Tuesday, March 3, 2015

March Into Spring. Please.

Since I last wrote to you, we’ve had three snowstorms.  In North Carolina.  Where it never snows.  Two weeks ago we had snow.  All Monday night the news shows concentrated on the weather.  They asked us to stay home so they could lay salt brine on the roads.  For the next few days, the bottom of the TV screen continually ran the list of what schools, businesses, etc. would be closed due to the storm.  We didn’t get a lot of snow, but the temperature dropped and the snow froze on top.  I couldn’t open my front or side doors because of the snow/ice ridge that blocked them. 

By Wednesday, I took our handy dandy hoped-we-would-never-have-to-use-it snow shovel and chopped away at the snow on the front porch in order to get the door open.  Then I ventured, very carefully across the porch, down the steps, and over to my car to go get two days’ worth of mail that had been accumulating in my mailbox.  The temperature didn’t get above freezing for days.  Finally, on Friday, it got up to 36 degrees and I once again ventured out to get milk and another two days of mail.  That was one super cold week; space heaters were on in whatever room I was in.

Last week on Monday night the screens were again filled with schools and business closings and frantic newscasters.  I woke up Tuesday to just over two inches of light, fluffy snow on the porch, car, and everything else.  It was so light, I could sweep it off with a broom.  Wednesday got a little warmer and melting was in full force. Then, Wednesday night, we were advised to stay off the roads so the brine could be spread and we were to stock up for a possible four to five days of being snowbound.  I needed groceries anyway, so I joined what seemed like the whole town of Garner at the grocery store to assure my existence.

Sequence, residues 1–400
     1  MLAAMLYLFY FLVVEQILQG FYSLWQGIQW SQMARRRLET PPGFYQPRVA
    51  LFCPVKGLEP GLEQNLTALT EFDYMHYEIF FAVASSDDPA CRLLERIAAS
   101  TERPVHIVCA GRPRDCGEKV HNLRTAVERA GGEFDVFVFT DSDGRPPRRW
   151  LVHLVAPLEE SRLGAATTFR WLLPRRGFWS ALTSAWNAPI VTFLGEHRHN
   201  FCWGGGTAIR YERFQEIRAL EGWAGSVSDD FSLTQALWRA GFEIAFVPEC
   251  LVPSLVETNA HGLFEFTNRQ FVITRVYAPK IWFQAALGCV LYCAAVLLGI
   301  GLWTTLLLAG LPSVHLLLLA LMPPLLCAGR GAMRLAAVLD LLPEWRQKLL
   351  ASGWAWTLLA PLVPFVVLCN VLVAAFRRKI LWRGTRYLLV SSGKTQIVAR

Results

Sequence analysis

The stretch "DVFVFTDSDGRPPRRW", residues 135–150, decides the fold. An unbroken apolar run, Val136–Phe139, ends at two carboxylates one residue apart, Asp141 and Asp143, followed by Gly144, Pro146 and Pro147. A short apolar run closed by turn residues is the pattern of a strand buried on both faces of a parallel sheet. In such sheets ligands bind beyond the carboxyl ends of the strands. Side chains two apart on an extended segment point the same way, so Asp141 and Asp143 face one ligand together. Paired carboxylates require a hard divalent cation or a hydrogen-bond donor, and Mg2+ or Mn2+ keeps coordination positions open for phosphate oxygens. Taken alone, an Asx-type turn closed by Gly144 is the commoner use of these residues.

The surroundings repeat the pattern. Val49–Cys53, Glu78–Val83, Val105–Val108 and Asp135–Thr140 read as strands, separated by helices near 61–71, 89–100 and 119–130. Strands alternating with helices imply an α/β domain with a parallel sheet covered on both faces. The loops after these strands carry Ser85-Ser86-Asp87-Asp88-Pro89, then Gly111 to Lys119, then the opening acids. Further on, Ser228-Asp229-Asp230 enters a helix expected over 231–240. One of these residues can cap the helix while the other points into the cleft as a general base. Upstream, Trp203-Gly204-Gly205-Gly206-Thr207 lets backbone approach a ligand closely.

Thursday, I woke up to just over an inch of snow.  The snow had turned to rain, leaving the white stuff heavy and crusty.  I shoveled a path across the porches just so I could get to the steps and to the trash can.  I looked out the kitchen window and had to laugh when I saw icicles hanging off the roofs of my birdhouses. Talk about a flashback to growing up in Vermont.  We used to have huge icicles hanging from the roof to the ground all around the house as though we lived in a crystal prison.  Oh yeah, I LOVE snow.  Ha.

The only person I know of that enjoyed this lovely weather was the little two-year-old next door who was outside in snowsuit, boots, mittens, and scarf, playing in the snow. 

As I write this, yesterday was in the sixties and tomorrow is supposed to be in the seventies.  I say, “It’s about doggone time!”  This is the South, after all, and it’s not supposed to get this kind of weather.  I read that the average temp for Garner for February is fifty-eight degrees.  Ha!  We barely got above forty for the entire month of February.

Have I vented enough?  After thirty years of living in San Diego, putting on a coat EVERY time I walk outside is for the birds.  Spring, I'm ready for you!
Quote of the Day: When men were all asleep, the snow came flying/In large white flakes falling on the city brown. Robert Bridges


Saturday, February 14, 2015

My Painted House

John Grisham wrote a book called, A Painted House.  Well, I now live in a newly-painted house and am loving it.  There are no cotton pickers or mysteries surrounding my house as there were with Grisham's; nevertheless, it is a much brighter color than it was.

 Then            Now

Obviously I can't hold a camera straight, both pictures are crooked, but you get the idea.